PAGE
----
5 June 2018   Leave a comment

There are signs that the alliance of convenience between Russia and Iran in Syria seems to be fraying now that their common enemy of ISIS seems to have been defeated.  The division between the two countries seems to be caused by the different interests each side has in the perpetuation of the Assad regime.  Iran wants Assad to remain in power so that its ally, Hezbollah, can receive its support.  Russia wants Assad to remain in power so that it can maintain a presence in the Middle East.  But Russia has been quietly courted by Israel, which wants Iran to have no influence in Syria, and Russia is well aware of the US resistance to an Iranian presence.  Moreover, Russia wishes to court Saudi Arabia, which is also opposed to the Iranian presence in Syria, and Russia wants Saudi cooperation in propping up oil prices.  Iran has some support from Qatar and from Iraq, but the balance of power seems to be against it.  We will see how Iran uses its oil power to redress the imbalance.

 

Mexico has imposed tariffs on a wide list of goods in retaliation for the US tariffs imposed on its steel and aluminum.  The move follows a comment made by one of President Trump’s advisers that there was a chance that the negotiations on the North American Free Trade Association (NAFTA) would be changed from one among the US, Canada, and Mexico into two bilateral negotiations between the US and Canada and the US and Mexico.  Mexico has targeted products produced in crucial congressional districts.  According to Reuters:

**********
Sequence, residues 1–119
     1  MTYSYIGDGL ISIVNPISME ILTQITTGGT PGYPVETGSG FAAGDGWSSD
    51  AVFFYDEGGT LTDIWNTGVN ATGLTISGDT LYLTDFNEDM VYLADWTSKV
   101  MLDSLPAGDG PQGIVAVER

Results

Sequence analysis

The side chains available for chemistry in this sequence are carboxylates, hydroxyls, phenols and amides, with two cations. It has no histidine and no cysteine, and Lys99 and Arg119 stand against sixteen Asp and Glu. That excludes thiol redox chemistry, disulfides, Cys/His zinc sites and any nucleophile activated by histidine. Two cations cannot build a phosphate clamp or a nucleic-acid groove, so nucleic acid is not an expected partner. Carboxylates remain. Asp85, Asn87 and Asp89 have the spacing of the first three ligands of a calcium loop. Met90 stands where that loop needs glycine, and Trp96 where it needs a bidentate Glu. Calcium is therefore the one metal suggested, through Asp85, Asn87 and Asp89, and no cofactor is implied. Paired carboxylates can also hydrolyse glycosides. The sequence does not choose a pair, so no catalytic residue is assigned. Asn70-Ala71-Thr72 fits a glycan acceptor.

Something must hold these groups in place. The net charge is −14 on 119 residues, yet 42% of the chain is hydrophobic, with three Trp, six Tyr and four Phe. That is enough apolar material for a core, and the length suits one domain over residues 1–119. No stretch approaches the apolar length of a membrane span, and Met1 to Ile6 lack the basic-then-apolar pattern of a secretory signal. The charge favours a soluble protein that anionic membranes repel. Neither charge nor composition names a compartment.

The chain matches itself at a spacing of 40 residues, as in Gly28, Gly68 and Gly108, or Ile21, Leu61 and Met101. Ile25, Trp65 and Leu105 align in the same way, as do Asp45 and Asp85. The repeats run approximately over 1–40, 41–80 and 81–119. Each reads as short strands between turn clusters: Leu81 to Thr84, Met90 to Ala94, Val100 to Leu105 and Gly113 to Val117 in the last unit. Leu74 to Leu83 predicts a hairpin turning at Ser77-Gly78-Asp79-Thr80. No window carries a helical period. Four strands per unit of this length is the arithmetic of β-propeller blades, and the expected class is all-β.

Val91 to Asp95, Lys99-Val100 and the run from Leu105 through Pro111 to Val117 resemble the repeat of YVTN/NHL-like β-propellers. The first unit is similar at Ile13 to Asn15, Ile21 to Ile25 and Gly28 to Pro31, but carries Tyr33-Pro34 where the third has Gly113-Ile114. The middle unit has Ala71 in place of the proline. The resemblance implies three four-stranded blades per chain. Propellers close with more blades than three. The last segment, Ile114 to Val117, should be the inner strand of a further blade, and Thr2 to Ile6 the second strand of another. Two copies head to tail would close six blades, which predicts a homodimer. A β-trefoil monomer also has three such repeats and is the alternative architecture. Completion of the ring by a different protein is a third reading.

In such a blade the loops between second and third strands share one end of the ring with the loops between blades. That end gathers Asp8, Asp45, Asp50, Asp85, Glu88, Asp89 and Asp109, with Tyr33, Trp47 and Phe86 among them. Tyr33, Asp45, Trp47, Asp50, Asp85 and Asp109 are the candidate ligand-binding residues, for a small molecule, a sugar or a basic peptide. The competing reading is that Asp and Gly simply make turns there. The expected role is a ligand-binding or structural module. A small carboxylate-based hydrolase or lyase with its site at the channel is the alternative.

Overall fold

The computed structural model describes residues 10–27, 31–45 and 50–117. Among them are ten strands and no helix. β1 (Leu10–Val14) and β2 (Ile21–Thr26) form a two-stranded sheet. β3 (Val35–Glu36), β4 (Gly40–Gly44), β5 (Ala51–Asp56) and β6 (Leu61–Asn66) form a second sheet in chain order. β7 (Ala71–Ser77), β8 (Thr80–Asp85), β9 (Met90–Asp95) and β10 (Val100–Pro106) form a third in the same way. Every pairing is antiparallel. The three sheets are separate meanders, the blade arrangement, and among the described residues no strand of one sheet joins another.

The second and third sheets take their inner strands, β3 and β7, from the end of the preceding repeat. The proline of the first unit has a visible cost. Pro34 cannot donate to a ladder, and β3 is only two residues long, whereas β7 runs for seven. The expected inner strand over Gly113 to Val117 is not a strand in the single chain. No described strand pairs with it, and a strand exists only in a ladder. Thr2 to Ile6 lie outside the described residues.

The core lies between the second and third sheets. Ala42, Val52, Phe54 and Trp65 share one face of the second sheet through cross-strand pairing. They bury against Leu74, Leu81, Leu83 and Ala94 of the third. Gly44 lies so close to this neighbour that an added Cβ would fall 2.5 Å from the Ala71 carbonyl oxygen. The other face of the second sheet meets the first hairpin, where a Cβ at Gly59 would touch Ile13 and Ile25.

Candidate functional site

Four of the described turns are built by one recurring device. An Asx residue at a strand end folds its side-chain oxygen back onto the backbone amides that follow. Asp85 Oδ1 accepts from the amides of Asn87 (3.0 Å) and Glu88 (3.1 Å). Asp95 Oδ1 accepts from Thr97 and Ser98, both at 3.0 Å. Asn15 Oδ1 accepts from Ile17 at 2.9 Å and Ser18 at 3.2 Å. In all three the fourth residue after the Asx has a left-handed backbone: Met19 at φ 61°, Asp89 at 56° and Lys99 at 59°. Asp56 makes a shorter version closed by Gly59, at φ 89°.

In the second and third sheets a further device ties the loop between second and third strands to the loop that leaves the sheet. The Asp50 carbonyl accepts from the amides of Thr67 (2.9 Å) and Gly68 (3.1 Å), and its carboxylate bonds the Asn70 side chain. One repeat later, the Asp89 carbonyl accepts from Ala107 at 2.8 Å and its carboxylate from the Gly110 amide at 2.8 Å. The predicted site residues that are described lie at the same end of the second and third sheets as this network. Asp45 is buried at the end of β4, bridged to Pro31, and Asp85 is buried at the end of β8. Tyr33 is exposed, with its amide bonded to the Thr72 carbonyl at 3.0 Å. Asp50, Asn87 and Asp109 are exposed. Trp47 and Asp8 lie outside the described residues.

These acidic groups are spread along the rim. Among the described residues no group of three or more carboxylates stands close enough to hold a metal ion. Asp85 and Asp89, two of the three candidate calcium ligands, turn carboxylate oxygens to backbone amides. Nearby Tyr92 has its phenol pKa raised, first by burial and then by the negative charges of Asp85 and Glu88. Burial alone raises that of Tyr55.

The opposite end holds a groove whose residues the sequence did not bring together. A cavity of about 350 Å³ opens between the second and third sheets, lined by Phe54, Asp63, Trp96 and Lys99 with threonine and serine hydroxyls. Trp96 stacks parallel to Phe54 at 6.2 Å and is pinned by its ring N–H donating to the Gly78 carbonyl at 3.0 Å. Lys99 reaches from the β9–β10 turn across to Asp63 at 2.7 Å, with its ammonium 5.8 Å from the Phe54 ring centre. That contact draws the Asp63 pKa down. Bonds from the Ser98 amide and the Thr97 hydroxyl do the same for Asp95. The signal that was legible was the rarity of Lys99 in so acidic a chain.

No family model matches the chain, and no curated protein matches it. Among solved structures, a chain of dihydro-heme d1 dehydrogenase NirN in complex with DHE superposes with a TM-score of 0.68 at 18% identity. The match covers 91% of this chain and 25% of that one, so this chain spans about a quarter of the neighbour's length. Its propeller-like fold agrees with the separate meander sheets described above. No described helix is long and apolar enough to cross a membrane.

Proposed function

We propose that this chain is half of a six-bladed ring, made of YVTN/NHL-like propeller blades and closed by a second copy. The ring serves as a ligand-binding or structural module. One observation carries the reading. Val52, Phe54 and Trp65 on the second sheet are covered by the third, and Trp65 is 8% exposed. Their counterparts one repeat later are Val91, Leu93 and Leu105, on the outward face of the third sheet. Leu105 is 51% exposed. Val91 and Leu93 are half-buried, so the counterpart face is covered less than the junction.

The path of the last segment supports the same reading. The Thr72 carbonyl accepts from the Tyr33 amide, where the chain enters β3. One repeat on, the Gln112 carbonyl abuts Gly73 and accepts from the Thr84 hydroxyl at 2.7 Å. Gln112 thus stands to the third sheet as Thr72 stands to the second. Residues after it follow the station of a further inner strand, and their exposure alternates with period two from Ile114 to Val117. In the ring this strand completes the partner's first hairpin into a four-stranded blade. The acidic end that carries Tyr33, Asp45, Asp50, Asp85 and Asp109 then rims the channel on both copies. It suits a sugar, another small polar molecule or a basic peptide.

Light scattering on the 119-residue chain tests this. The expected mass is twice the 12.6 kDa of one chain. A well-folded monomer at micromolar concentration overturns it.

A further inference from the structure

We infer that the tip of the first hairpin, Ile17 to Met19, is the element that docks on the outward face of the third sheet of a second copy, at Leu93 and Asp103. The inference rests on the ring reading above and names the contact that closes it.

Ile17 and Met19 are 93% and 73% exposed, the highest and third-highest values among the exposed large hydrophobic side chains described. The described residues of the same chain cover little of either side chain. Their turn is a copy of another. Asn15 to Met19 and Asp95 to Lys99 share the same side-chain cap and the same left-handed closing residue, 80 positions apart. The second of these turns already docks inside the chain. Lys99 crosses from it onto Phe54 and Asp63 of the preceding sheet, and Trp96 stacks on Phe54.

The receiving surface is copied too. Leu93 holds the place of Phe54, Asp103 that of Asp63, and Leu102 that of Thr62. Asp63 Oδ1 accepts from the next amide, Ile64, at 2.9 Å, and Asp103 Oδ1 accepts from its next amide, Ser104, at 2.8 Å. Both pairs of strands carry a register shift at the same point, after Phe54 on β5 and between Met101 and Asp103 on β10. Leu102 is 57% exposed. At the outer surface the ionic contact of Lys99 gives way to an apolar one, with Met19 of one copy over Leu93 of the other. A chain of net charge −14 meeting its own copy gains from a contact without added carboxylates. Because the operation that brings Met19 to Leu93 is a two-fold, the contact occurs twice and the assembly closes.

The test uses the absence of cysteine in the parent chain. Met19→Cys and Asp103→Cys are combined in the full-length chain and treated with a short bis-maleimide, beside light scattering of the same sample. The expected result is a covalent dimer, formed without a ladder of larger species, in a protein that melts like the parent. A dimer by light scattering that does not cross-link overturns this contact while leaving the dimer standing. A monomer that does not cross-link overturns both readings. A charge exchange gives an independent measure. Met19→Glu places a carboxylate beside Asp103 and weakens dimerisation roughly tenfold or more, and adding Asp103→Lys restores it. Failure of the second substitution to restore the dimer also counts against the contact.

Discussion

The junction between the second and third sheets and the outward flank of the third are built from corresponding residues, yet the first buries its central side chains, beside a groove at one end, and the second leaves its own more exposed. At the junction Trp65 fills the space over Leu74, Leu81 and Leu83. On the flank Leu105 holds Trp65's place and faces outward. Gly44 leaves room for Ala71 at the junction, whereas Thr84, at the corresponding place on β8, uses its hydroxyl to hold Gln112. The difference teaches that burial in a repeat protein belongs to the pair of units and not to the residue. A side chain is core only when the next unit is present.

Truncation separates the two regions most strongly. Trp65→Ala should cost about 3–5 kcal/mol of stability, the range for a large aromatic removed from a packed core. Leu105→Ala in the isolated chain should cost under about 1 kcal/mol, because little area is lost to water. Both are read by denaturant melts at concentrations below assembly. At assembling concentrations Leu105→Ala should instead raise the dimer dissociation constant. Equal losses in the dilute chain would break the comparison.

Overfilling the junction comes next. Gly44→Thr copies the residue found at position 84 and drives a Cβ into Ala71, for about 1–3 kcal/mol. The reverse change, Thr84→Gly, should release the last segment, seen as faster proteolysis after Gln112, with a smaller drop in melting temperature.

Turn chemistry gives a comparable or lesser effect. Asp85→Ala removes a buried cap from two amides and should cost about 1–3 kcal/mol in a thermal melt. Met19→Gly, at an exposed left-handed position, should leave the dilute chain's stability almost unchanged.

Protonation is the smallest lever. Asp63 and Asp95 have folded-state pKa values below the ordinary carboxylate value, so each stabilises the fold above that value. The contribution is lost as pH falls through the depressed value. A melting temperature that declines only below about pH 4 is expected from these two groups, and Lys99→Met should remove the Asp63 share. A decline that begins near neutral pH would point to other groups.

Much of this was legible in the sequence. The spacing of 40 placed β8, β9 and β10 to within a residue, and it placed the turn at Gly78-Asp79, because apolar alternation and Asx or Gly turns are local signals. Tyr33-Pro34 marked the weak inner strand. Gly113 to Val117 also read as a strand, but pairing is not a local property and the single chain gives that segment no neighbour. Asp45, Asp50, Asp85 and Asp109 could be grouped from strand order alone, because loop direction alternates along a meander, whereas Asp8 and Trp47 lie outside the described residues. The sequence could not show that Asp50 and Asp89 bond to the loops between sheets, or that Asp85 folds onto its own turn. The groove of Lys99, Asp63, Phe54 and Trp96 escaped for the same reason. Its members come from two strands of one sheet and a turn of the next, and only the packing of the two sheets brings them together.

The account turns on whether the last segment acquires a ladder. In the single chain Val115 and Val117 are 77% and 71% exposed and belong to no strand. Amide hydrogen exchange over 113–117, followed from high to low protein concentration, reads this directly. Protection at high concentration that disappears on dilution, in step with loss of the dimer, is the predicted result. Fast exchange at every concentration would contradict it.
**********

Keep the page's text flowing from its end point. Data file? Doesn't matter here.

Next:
“Mexico’s trade negotiators designed the list, in part, to include products exported by top Republican leaders’ states, including Indiana, where Vice President Mike Pence was formerly governor, according to a trade source familiar with the matter. Bourbon-producing Kentucky is the home state of Senate Majority Leader Mitch McConnell, a Republican.

“The new tariffs could also have political implications in some hotly contested races as the Republicans seek to maintain control of both chambers in Congress in November’s election, illustrating the potential perils of Trump’s aggressive efforts to set right what he sees as unfair trade balances with allies and rivals.”

The Republican Party has traditionally been strongly in favor of free trade.  President Trump’s tariff decisions represents a serious challenge to the identity of the Party.

Posted June 5, 2018 by vferraro1971 in World Politics

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